Almost from the day he arrived in New York City in 1955 from his native Detroit, Mr. Byrd was at the center of the movement known as hard bop, a variation on bebop that put greater emphasis on jazz’s blues and gospel roots. Known for his pure tone and impeccable technique, he performed or recorded with some of the most prominent jazz musicians of that era, including John Coltrane, Thelonious Monk, Sonny Rollins and the drummer Art Blakey, considered one of jazz’s great talent scouts. As a bandleader, Mr. Byrd was sometimes a talent scout too — one of the first to hire a promising young pianist named Herbie Hancock, who, like Mr. Byrd, would later be called a renegade for an approach that won a wide audience but displeased many critics.
Mr. Byrd, a strong advocate of music education, spent much of the 1960s teaching. Then, in 1973, he made a surprising transition to pop stardom with the album “Black Byrd,” produced by the brothers Larry and Fonce Mizell, who had been his students at Howard University in Washington. With Mr. Byrd’s restrained licks (he played both trumpet and fluegelhorn) layered over an irresistible funk groove seasoned with wah-wah guitar and simple, repeated lyrics (“Get in the groove, just can’t lose”), “Black Byrd” reached the Billboard Top 100, where it peaked at No. 88.
Mr. Byrd was hardly the first jazz musician to try such a crossover: Miles Davis had achieved a similar musical synthesis with “Bitches Brew” three years earlier. But “Black Byrd,” unlike “Bitches Brew,” was overtly pop-oriented, and its success was extremely rare for a jazz musician. It became, and for a long time remained, the best-selling album in the history of Blue Note Records, the venerable jazz label for which Mr. Byrd had been recording since the 1950s.
“Then the jazz people starting eating on me,” Mr. Byrd recalled in a 1982 radio interview. “They had a feast on me for 10 years: ‘He’s sold out.’ Everything that’s bad was attributed to Donald Byrd. I weathered it, and then it became commonplace. Then they found a name for it. They started calling it ‘jazz fusion,’ ‘jazz rock.’ ”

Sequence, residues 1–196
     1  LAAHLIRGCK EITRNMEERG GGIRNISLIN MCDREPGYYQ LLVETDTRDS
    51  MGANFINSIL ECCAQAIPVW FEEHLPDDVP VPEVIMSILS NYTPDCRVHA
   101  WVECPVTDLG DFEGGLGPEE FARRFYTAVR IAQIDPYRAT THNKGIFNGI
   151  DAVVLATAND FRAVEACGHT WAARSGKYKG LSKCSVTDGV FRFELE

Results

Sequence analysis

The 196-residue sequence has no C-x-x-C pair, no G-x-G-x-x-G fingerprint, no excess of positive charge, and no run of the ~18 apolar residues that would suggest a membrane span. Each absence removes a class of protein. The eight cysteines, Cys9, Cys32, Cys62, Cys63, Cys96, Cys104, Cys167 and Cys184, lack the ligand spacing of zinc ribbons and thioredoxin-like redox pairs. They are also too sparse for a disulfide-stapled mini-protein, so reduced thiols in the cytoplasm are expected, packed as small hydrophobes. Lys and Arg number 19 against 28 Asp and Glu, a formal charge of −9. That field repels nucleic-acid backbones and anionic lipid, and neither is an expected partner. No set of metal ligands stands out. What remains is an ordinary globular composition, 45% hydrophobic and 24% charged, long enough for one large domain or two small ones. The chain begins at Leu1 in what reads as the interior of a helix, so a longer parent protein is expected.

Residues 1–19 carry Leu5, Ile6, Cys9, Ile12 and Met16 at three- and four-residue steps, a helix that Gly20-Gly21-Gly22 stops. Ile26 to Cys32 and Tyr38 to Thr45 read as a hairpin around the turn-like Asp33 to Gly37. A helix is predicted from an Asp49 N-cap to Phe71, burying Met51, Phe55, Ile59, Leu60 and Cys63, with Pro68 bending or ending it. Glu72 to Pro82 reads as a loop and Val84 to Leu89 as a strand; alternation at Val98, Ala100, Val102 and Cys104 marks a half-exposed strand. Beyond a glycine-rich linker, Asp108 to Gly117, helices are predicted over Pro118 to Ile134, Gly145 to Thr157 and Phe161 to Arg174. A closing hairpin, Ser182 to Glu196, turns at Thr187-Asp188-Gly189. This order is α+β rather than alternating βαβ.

The criticism did not stop him from making more pop records. In addition to recording as a leader, he organized some of his Howard students into a group called the Blackbyrds and produced their records. The band had a string of hit singles in the 1970s, including “Walking in Rhythm,” which reached the Top 10 on the pop charts, and “Rock Creek Park,” which evoked late-night romance in a wooded park in Washington, D.C.
“Rock Creek Park” became something of a local anthem and one of many recordings by Mr. Byrd to be sampled by rap and hip-hop artists, including Public Enemy, Nas and Ludacris. His music and the Blackbyrds’ has been sampled more than 200 times, with the 1975 album “Places and Spaces” among his most frequently repurposed recordings, according to the Web site whosampled.com.
“They use all of the music that I did in the ’50s, ’60s and the ’70s behind people like Tupac and LL Cool J,” Mr. Byrd told students in a lecture at Cornell in 1998. “I’m into all that stuff.”
Donaldson Toussaint L’Ouverture Byrd II was born in Detroit on Dec. 9, 1932. His father, E. T. Byrd, was a Methodist minister. His music studies there at Wayne State University were interrupted by two years in the Air Force. After receiving a bachelor’s degree from Wayne State, Mr. Byrd moved to New York, where he began his jazz career in earnest and received a master’s in music education from the Manhattan School of Music.
His musical pursuits were paralleled by a lifelong interest in education. He taught jazz at Howard, North Carolina Central University, Rutgers, Cornell, the University of Delaware and Delaware State University, and also studied law. In 1982 he received a doctorate in education from Teachers College at Columbia University. He spent many years, at various institutions, teaching a curriculum that integrated math and music education.
In 2000 Mr. Byrd was given a Jazz Masters award by the National Endowment for the Arts.